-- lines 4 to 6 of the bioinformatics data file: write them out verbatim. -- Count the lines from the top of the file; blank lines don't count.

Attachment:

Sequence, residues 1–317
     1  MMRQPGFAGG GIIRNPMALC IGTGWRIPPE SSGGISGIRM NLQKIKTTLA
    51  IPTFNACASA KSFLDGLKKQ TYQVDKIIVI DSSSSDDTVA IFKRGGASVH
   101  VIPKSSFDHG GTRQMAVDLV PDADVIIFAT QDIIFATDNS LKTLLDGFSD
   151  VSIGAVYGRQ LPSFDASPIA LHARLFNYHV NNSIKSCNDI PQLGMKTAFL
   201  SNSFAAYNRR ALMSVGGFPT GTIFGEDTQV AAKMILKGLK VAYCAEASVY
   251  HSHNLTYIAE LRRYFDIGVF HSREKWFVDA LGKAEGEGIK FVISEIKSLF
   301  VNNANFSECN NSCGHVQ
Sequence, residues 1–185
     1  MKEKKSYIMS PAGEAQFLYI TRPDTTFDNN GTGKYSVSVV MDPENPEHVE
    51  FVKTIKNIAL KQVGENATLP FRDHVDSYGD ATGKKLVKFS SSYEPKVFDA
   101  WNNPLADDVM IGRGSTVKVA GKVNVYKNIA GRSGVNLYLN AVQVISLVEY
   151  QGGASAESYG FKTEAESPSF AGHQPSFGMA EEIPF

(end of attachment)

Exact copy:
   101  VIPKSSFDHG GTRQMAVDLV PDADVIIFAT QDIIFATDNS LKTLLDGFSD
   151  VSIGAVYGRQ LPSFDASPIA LHARLFNYHV NNSIKSCNDI PQLGMKTAFL
   201  SNSFAAYNRR ALMSVGGFPT GTIFGEDTQV AAKMILKGLK VAYCAEASVY